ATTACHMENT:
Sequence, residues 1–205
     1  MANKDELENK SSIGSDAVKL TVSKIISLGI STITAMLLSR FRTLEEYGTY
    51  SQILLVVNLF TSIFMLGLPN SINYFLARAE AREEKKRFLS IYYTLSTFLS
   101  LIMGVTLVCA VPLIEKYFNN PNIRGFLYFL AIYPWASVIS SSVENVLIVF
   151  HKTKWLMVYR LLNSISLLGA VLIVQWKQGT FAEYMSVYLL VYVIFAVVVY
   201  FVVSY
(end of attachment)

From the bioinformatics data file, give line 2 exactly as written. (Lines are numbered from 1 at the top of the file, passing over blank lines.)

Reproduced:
     1  MANKDELENK SSIGSDAVKL TVSKIISLGI STITAMLLSR FRTLEEYGTY